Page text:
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Day 287: The Empress

June 25, 2013
The Empress in the Rider-Waite, Hanson Roberts, and Robin Wood Tarot decks.

The Empress in the Rider-Waite, Hanson Roberts, and Robin Wood Tarot decks.

At one point in my Tarot studies, I came across a book (can’t remember which now) that described the Magician and High Priestess as being spiritual parents and the Emperor and Empress as being earthly parents.  I can totally understand that.  The Magician and High Priestess are concerned with knowledge and wisdom, but the Emperor and Empress have far more earthly concerns.  The Empress card, for example, shows a delightful, fruitful world and invites us to relax and revel in it, and the Emperor shows the rules we artificially impose upon ourselves so that all people have an equal chance to enjoy the world.

In Rider-Waite cards, the Empress is a stately figure, comfortably resting on a couch of rich cushions.  She is not obviously pregnant in this card, but her position with ample lower back support and unrestrictive clothing has led several readers to posit that she is pregnant, and this interpretation flows well with the other symbols on the card.  The Empress wears a diadem of laurel leaves to show her worldly authority, and above them are clustered twelve stars.  These stars can be the twelve zodiacal constellations, or perhaps the twelve months or the twelve hours we note on a clock.  At any rate, they symbolize her rule throughout time.  She raises a scepter above her head, which Waite himself says is “surmounted by the globe of this world”, which shows she places the Earth above all else in her interest.  She wears a comfortable white robe to indicate her purity of purpose, and it is richly embroidered with pomegranates, sliced open.  As I noted with the High Priestess, pomegranates are symbols of female sexuality and spirituality, but they’re also potent symbols of nourishment.  Unlike the Priestess, where their arrangement into a tree-of-life pattern shows their spiritual emphasis, these pomegranates are scattered over the Empress’s very body and are opened for use.  Therefore, they stand more to show that the Empress is the “fruitful mother of thousands”, as Waite described her.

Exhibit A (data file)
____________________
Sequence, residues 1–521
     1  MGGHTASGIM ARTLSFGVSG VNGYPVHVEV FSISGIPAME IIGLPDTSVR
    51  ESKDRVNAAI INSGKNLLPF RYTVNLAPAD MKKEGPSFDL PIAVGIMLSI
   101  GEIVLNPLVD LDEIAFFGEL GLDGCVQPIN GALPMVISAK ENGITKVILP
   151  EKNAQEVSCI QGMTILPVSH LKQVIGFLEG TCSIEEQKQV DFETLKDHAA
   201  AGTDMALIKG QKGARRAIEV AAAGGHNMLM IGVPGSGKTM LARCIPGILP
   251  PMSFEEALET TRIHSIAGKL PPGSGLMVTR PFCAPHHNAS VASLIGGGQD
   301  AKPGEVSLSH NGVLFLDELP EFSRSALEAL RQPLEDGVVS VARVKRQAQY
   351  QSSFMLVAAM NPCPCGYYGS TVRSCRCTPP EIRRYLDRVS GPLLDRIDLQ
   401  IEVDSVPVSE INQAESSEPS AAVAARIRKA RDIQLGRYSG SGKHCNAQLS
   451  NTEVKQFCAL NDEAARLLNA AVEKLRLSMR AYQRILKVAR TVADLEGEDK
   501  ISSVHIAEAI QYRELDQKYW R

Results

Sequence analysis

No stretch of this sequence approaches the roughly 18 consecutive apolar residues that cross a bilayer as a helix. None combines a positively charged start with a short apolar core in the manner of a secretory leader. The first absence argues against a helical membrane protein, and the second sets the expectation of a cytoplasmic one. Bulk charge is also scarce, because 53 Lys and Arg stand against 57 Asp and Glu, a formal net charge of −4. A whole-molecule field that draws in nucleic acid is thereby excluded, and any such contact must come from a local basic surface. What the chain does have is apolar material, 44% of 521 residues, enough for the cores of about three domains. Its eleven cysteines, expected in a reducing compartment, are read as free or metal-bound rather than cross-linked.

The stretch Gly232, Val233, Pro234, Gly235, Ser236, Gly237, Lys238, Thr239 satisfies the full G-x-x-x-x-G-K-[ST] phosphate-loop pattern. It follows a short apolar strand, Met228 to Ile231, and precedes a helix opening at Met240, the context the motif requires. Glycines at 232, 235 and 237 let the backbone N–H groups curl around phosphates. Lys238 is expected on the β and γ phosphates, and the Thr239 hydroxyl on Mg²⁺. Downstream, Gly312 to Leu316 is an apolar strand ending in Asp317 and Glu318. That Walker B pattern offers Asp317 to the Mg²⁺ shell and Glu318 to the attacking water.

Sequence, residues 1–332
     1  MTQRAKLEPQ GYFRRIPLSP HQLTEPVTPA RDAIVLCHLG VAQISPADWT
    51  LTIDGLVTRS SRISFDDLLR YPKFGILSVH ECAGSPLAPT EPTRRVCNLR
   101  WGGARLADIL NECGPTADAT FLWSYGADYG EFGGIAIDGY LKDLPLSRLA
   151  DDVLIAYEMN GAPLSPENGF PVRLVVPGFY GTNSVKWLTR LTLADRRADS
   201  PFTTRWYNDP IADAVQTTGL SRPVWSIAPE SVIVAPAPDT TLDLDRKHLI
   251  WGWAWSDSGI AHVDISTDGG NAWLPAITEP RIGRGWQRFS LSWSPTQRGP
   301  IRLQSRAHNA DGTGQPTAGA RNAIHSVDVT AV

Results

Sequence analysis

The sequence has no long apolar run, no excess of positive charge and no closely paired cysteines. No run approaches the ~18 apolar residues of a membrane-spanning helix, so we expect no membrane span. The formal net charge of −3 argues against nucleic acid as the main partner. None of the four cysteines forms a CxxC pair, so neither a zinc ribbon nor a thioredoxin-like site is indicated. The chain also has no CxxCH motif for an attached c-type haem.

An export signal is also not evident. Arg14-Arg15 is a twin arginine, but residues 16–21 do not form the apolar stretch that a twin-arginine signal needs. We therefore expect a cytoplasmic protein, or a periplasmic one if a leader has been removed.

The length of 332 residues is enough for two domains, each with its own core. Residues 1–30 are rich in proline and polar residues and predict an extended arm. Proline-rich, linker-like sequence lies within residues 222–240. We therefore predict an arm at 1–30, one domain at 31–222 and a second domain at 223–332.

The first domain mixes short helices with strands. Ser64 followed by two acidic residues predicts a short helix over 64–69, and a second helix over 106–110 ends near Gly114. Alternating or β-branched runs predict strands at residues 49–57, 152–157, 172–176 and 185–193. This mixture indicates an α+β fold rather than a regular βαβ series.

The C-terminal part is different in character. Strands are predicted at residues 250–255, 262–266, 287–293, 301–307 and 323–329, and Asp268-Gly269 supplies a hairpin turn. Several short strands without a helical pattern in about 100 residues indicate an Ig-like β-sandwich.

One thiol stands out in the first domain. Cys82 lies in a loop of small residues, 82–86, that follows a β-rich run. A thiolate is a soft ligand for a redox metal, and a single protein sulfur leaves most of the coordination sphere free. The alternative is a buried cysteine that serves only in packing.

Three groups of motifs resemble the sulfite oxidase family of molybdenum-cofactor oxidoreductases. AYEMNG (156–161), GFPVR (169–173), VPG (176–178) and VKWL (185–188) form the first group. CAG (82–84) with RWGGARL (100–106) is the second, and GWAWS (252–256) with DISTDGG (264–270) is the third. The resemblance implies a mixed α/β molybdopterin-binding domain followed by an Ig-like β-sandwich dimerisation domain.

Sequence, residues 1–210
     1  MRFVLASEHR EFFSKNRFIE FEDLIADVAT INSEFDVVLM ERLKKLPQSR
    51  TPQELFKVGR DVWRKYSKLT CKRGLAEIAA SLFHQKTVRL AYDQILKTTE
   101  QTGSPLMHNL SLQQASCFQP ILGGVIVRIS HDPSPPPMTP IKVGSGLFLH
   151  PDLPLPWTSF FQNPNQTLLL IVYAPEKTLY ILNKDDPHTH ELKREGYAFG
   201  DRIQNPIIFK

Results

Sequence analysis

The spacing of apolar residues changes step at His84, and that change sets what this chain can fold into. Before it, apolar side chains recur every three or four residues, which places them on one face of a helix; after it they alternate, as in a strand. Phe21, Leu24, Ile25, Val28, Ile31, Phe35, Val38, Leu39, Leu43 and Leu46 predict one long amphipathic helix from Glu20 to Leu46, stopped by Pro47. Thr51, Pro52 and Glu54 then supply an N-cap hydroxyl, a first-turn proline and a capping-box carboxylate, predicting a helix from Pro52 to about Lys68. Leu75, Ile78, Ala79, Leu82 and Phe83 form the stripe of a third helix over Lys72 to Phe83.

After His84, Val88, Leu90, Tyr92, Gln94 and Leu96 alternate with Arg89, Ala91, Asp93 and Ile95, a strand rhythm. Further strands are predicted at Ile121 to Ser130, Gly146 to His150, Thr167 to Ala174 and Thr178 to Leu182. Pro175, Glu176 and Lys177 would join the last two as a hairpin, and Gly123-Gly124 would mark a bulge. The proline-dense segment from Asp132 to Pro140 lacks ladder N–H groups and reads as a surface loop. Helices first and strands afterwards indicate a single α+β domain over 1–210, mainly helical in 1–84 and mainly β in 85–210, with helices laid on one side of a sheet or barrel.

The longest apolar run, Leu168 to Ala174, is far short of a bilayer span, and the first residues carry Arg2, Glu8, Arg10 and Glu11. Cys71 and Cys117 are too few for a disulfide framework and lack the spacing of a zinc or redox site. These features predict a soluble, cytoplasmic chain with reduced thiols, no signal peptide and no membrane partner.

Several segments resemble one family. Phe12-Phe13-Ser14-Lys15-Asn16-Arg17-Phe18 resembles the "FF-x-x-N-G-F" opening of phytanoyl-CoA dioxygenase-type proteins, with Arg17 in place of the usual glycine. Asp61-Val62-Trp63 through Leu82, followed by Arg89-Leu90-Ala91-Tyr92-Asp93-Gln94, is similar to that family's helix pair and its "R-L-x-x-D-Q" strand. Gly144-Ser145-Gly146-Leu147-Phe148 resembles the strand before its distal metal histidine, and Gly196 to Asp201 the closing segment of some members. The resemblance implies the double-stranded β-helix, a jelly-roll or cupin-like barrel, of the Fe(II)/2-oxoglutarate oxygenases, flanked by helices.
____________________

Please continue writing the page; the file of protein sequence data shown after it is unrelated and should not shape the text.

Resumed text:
At her feet, the Empress has a heart-shaped shield emblazoned with Venus’s symbol.  This doesn’t necessarily align her energies with the Goddess of love, as some might say, but rather with a divine feminine.  I feel that the fact this symbol appears on a shield gives it a distinctly maternal feel, for the love a mother has makes her an incredibly fierce protector of her children.  As my own mother is fond of saying, nothing comes between a mother bear and her cubs and lives!  Overall, the feel of this card evokes more of a Demeter or Mother Earth energy.  In addition to the nutritive pomegranates on the Empress’s dress, the entire foreground of the card is occupied with a hale, abundant crop of wheat, the basic food of civilized humanity.  Behind the Empress lies a rich wood, full of wild animals and berries that similarly sustain us.  Through this wood flows a river of clean, fresh water that falls at the Empress’s feet, and it symbolizes a perpetual refreshment.  In a matter of speaking, the world shown on this card is essentially as close to an earthly paradise as we’re likely to get!  It is a world and a space where we all desire to be, and the Empress stands as a gateway into this life.

Robin Wood’s card shares a lot of imagery with Waite’s, but it amps it up several notches.  The backdrop of her card also shows a strong wood, and a body of water separates it from the foreground of the card, where a field of wheat and poppies (both Demeter symbols) plays at the Empress’s feet, along with a basket of fruit and vegetables (to show the wealth and abundance she provides) as well as a bee skep (for richness and sweetness).  The Empress here is actively spinning the thread of life on the wheel of time.  And, like Waite’s Empress, her clothing is highly symbolic of fertility.  They are the color of ripening wheat trimmed in green for growth and accented with wheat and vine motifs, along with hearts to show her love.  Her clasp shows an athame and a cup conjoined in the symbol of the Great Rite:  fertility to the max.  Her crown shows all the phases of the moon, and it is capped with six stars that correspond to the six senses we experience her world with.  In the middle of the stars stands four silver disks for the four elements around a central gold disk for spirit.  Her purple cape lined with ermine shows her majesty and purity, and her blue veil shows she is also the Queen of Heaven.  This Empress is obviously pregnant to show her extreme fruitfulness and to show that her realm is full of generative life.

KEYWORDS:  Mothering and motherhood, nurturing, fruitfulness, growth/gradual development, welcoming abundance, experiencing the senses, responding to nature, passion, love, healing/rejuvenating/relaxing time